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This guide covers the ownership of work that has been created by an author or multiple authors, including enforcement and infringement.


Copyright protects original:

  • literary and written work, like published articles
  • dramatic, musical and artistic works and their performances
  • television, film, sound and music recordings
  • non-literary written work like computer software, online content and databases
  • illustrations and photography.

You can mark your work with the copyright symbol (©), your name and the year the work was created although this will not affect your level of protection. UK copyright is automatically valid in countries who have signed the Berne Convention for the Protection of Artistic and Literary Works. 

There is no official registration system for copyright. It's an automatic right that arises whenever an individual or organisation creates a work. In order to qualify the work should be original and demonstrate a degree of labour, skill or judgement.

For literary works, the copyright lasts 70 years from the end of the calendar year in which the last remaining author of the work dies. For information on other forms of work please see the Intellectual Property Office website.

When copyright expires the work becomes public domain and is available for anyone to use, copy or reproduce.

Copyrights can be transferred from one owner to another. On the death of a copyright holder, copyright can be inherited. Whoever inherits the work will become the copyright owner. 

These are protected by copyright in the same way as printed materials. Before downloading, storing, emailing or printing any part of an online document or website, check the copyright statement of the host website.

If there is no statement waiving copyright protection, ‘fair dealing’ exceptions may apply.

Exceptions to copyright law are very specific and only apply in limited circumstances.  If you are in any doubt you should obtain permission from the copyright owner. Detailed guidance is available at

Normally the individual/group exclusively own the copyright and in many cases, the creator will also have the right to be identified as the author and object to distortions of their work. Protecting your intellectual property allows you to stop others using what you’ve created without your permission and charge others for the right to use what you’ve created.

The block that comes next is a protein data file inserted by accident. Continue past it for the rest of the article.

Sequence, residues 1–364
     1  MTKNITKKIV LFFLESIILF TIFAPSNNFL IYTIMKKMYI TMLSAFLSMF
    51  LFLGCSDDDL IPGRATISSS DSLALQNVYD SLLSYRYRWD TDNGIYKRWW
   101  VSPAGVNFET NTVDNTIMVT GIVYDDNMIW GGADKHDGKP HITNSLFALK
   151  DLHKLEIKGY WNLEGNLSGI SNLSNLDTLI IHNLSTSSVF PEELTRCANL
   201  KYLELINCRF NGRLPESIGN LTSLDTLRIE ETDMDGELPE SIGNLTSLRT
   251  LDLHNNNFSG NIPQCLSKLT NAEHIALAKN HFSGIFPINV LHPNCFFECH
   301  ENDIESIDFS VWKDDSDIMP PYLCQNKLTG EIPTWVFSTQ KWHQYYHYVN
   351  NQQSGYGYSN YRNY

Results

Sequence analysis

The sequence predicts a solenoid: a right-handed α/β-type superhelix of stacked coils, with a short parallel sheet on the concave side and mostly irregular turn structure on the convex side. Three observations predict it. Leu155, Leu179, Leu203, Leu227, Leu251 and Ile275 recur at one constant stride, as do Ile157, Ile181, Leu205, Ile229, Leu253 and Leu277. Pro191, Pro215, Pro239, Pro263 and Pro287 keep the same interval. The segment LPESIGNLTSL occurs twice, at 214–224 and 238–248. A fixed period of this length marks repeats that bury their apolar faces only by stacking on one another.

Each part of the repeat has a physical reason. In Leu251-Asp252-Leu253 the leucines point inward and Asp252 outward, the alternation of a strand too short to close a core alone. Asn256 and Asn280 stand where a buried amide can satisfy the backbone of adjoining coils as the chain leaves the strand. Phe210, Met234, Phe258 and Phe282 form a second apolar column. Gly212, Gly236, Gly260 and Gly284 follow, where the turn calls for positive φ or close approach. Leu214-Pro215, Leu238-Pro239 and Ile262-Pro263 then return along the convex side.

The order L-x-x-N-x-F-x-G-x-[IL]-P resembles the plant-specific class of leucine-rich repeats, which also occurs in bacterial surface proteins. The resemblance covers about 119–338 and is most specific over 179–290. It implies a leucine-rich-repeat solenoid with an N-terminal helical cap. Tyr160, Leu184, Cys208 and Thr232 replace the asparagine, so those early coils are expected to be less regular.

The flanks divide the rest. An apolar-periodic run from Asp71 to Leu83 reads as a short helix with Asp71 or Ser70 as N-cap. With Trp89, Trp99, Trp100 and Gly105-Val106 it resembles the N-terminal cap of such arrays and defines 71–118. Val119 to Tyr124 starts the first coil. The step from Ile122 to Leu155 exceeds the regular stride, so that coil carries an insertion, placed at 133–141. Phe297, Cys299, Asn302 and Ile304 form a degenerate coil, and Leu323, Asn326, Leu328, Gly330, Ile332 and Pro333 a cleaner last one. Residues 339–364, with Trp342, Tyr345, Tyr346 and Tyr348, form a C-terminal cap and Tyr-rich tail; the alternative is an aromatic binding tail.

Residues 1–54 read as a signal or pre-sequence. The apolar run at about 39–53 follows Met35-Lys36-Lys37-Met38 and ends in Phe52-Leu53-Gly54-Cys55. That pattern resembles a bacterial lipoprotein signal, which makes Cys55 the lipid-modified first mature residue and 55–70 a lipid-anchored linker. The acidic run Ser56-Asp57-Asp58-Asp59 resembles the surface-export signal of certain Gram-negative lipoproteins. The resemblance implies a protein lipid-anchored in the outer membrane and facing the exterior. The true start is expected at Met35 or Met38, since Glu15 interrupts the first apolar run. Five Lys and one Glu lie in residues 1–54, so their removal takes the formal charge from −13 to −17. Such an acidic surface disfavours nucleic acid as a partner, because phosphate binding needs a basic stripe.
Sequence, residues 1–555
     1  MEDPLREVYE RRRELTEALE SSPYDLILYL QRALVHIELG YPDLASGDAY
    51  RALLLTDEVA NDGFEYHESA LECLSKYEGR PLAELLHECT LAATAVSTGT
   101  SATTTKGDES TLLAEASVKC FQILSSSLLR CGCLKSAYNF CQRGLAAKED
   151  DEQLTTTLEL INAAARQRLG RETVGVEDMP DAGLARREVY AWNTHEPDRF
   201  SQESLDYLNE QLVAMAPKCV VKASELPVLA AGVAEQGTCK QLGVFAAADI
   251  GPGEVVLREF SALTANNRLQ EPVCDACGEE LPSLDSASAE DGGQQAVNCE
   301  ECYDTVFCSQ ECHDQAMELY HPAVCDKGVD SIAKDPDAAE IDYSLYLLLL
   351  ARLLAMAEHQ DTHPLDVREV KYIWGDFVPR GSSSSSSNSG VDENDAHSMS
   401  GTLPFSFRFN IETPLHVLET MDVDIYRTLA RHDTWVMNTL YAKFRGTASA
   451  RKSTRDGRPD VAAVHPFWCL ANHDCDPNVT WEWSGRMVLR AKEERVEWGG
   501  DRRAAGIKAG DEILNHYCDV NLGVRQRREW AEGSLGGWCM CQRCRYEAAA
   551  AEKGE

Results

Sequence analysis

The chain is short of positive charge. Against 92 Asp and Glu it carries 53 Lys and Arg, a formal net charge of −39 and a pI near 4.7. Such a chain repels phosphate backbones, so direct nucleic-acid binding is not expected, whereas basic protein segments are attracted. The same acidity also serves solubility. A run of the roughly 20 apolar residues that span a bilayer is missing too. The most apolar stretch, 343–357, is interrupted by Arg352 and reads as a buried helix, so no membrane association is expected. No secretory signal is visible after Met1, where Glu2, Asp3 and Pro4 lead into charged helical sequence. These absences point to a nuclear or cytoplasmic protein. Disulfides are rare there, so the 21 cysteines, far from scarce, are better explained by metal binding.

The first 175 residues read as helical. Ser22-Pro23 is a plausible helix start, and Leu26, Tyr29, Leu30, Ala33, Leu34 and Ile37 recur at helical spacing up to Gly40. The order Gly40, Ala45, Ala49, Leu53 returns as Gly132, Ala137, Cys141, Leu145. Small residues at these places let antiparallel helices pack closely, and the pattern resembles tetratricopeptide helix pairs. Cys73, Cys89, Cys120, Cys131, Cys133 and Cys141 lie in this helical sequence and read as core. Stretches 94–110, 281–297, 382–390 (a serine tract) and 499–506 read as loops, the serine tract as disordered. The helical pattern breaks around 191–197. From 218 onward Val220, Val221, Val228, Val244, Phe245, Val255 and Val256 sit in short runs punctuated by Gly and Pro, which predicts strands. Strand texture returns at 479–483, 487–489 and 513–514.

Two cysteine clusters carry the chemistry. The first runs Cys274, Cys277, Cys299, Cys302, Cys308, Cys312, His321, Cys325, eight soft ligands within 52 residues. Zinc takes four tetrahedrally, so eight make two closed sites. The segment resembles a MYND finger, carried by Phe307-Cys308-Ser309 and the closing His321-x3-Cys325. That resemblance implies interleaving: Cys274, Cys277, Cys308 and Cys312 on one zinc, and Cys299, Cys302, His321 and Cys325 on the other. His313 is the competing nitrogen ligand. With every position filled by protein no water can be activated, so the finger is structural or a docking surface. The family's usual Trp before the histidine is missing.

Employee - if work has been produced as part of your job, normally the copyright belongs to your employer. You may have a specific clause in your contract that enables you to share ownership although this is unusual.  

Freelance/commissioned work - copyright will usually belong to the author of the work, unless otherwise stated in the contract.

Student assignments - the author (student) will usually have full copyright. However,  some educational establishments may ask you to sign the copyright of your work over to them when you enrol. Check with your tutor if you are unsure.

If you are self-employed or run a small business and want to protect your logos, trademarks, copyright works, patents, designs and design rights, and confidential information you can check the best type of intellectual property protection. Search the Intellectual Property Office website for a free IP 'health check'. 

Most uses of copyright material require permission from the copyright owner. You would usually need to contact them directly for this. For certain types of works and other subject matter, you can get permission from a collective management organisation.

If you wish to reproduce any RCN publications, information is available under the copyright 'tab' on the individual publication's web page.

Copyright is infringed when any of the following are done without permission:

  • copying the work in any way
  • issuing copies of the work to the public
  • renting or lending copies of the work to the public
  • performing, showing or playing the work in public
  • broadcasting the work or other communication to the public by electronic transmission
  • making an adaptation of the work.

Decisions to enforce copyright are personal choice. If your work has been copied without permission, it is up to you as the author to take the matter further. Where your work has been used without your permission and none of the exceptions to copyright apply, your copyright is said to be infringed.

It will usually save you time and money, to try to resolve the matter with the party you think has infringed your copyright. If you cannot resolve the issue, going to court may be the right solution. We recommend that you seek legal advice at an early stage, and certainly before going to court.

We do not offer local representation or support for members' claims for copyright infringement. We only offer advice on your rights in relation to copyright works created in the course of employment.

Professional practice

Read our advice on medicines management, immunisation, revalidation,  practice standards and mental health.

Search our advice guides

See our A-Z of advice. These guides will help you answer many of your questions about work. 

Need more help?

The easiest way to get in touch with us is online 7 days a week. We will get back to you within 24 hours. 
To Live Chat with us, just log in via our Get help page - we are usually available until 8pm on weekdays and 3.30pm on weekends.
If your enquiry is urgent or you need to speak to the advice team, call us on 0345 772 6100, 8.30am-5pm (weekdays) and 9am-4pm (weekends).

Page last updated - 03/12/2019